Ruffin received the Kellogg Fellowship in 1984 and completed the program in 1988. He chose to work on issues of aging, and how cultures are transferred from one generation to the next. The fellowship provided him with funding to travel around the world, and these adventures taught Ruffin life-changing lessons.
Ruffin states that the advent and departure of talented students is the biggest challenge he faces. “The work goes on while the students come and go,” he observes. “There are periods where I’ve had so many wonderfully talented students that anything seemed possible, and then there are years where the talent pool is not as significant as you’d desire.” Casting appropriately for plays is another obstacle he must overcome.
Although Ruffin emphasizes that many of his productions are dear to him, the works that resonate as unforgettable are Langston Hughes’ Tambourines to Glory and the Black Theatre Workshop’s Strands. In Tambourines, he worked with a predominantly African American cast, and the production sold out every night. Strands took two years to create, won various playwriting awards, and was a regional and national winner at the American College Theatre Festival.
Ruffin explains his approach: “You know, I hadn’t really thought about whether or not I had a philosophy, because I was committed to doing what I felt was right; I’m kind of guided by my heart in that way.” He inspires his students and actors by encouraging them to be confident and to take ownership of their talent. He doesn’t believe in offering his students intensive direction throughout rehearsals and class; he feels that personal development is more valuable to human growth.
Whether their work seeks to counter domestic violence and ethnic genocide, identify cancer treatments, or employ literature and music to understand humanity, these MU faculty describe in their own words why this work is important to society.
Since October of 2006, Carver has been developing Booby Prize, a comedy about the unfunny subject of breast cancer. “It’s a one-woman show featuring me [laughs],” and how she was “lucky” to be the one of every seven women to get the disease. Through Booby Prize, which is ever evolving, Carver is able to combine her interest in social activism, women’s health, and autobiography: “I decided that I could have breast cancer and still have a sense of humor, and still do my work. And so that’s when Booby Prize, you know, became born, the idea that—unfortunately—I won the prize. I won the Booby Prize, which you don’t want to win, you don’t want to be the 1 out of 7 who wins, but I won, and so that’s how I start off the performance.” Much of the performance features Carver performing actual stories that happened to her, infusing humor into the reality of her situation. At the conclusion of Booby Prize, Carver warns the audience against expecting closure and a happy ending. Despite the clean bill of health at her last medical checkup, the possibility of cancer returning lingers on, and so Carver reminds the audience, “I don’t have a pretty ending; my ending is still up in the air.” Among audience members, Carver has observed not only laughter and tears, as might be expected, but “people doing both at the same time, and not quite knowing what to do about it.” The thread that runs through Booby Prize—like Carver’s other scholarly and creative projects—is storytelling. Some of the stories are painful, and some are funny. Either way, Carver always tries “to keep it raw.”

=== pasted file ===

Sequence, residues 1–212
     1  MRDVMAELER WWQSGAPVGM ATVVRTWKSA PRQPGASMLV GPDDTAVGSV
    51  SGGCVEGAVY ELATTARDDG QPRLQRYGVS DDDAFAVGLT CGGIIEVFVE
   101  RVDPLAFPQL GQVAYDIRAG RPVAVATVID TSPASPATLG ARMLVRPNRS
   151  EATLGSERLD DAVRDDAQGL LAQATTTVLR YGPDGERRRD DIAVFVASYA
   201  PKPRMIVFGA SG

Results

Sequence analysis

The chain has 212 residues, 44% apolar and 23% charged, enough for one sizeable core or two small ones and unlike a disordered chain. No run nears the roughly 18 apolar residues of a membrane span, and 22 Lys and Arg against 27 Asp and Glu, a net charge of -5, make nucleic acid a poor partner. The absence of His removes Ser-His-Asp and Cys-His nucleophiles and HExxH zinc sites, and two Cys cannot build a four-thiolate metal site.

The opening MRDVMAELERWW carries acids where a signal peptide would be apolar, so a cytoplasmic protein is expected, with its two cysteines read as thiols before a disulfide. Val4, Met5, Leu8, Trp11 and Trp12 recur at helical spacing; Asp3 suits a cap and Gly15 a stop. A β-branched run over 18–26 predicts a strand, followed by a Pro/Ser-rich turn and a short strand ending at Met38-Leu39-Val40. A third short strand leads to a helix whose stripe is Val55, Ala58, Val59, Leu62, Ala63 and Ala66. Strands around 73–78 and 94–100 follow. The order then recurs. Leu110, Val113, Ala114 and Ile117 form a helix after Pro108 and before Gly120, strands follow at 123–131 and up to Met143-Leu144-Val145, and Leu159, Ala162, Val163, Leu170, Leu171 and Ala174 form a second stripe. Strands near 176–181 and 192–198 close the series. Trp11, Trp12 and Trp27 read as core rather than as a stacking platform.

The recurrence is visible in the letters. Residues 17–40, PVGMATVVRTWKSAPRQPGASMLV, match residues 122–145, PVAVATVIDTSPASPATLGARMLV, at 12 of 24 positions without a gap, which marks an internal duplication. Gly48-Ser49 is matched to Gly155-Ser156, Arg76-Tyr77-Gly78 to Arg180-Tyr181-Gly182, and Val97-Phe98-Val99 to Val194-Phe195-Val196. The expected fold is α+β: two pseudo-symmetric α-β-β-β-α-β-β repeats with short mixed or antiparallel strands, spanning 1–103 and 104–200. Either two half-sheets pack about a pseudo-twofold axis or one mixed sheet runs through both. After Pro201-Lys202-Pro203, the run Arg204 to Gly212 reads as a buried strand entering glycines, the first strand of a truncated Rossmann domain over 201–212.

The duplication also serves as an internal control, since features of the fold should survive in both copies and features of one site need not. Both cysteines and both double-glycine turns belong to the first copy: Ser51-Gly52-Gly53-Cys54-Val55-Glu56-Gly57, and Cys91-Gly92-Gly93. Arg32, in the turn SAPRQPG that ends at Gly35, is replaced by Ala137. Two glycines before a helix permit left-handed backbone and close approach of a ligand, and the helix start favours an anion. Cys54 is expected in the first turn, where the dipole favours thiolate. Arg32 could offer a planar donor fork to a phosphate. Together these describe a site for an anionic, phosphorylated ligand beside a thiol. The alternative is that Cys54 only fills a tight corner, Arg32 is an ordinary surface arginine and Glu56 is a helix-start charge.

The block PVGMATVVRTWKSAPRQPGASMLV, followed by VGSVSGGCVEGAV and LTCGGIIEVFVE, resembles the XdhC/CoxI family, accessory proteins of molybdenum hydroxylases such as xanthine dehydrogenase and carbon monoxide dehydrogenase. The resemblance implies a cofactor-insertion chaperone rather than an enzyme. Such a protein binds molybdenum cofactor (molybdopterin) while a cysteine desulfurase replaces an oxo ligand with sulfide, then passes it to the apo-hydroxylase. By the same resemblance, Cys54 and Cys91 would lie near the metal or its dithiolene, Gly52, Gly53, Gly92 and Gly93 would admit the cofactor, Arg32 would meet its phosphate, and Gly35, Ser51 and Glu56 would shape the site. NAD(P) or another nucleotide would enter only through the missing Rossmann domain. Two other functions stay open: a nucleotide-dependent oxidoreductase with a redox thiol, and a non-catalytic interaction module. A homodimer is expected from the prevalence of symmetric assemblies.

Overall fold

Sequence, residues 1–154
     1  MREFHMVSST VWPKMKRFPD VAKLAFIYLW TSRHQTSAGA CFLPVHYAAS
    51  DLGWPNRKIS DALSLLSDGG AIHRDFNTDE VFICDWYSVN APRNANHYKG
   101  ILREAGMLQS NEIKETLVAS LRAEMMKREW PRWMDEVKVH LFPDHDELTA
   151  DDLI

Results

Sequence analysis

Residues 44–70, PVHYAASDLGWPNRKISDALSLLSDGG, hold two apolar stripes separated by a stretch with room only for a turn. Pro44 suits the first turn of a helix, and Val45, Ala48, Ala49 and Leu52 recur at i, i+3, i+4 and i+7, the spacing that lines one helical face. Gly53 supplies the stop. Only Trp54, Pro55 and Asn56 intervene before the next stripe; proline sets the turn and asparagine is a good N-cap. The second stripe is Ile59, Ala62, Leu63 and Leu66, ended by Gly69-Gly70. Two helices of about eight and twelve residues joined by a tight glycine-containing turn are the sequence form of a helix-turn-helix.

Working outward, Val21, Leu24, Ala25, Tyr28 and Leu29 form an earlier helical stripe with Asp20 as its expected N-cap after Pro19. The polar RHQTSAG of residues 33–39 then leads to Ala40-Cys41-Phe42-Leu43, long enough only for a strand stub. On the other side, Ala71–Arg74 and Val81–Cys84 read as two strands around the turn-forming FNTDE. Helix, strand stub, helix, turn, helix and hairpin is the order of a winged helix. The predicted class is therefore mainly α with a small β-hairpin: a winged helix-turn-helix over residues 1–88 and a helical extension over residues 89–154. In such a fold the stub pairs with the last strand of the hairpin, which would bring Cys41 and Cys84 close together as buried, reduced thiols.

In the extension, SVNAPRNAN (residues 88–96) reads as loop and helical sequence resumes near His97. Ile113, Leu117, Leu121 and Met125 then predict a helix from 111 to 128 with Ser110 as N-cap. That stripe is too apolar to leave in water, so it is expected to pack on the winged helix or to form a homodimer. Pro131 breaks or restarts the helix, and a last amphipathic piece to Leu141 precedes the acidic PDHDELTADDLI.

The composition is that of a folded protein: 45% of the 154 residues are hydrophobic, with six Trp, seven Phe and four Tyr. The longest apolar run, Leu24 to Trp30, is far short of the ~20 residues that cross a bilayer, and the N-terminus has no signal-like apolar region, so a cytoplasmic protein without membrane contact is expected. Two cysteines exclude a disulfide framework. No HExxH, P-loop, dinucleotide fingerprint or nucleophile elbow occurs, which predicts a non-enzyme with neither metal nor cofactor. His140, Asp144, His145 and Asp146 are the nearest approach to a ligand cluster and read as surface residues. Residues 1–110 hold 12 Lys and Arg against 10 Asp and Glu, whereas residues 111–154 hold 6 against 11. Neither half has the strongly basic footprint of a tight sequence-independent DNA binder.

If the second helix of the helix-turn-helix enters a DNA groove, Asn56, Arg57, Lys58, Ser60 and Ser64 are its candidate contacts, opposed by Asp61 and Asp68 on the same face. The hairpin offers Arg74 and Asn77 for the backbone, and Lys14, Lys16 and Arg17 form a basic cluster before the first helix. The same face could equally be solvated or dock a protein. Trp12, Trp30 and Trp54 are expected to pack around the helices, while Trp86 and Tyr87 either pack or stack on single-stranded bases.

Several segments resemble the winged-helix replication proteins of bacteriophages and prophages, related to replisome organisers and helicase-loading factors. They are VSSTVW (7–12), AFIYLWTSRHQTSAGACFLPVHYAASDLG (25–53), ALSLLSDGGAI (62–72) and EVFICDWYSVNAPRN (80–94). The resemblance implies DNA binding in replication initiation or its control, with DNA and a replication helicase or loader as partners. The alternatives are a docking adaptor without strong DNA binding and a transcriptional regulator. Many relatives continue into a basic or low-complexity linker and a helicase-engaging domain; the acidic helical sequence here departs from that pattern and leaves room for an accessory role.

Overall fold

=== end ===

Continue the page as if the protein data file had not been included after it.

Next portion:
Miller talks about his preference of film over theatre as an actor’s medium.
Miller talks about theatre, his love for it, and the challenges it presents.
Devlin describes the content of The Selected Letters of Tennessee Williams. Volume I covers the period from 1920 to 1945 (with the success of The Glass Menagerie), while volume II concerns Williams’ “major period” from 1945 to 1957, during which A Streetcar Named Desire and Cat on a Hot Tin Roof were introduced.
Devlin discusses work he is doing with others on campus, including his joint appointment in the Theatre department.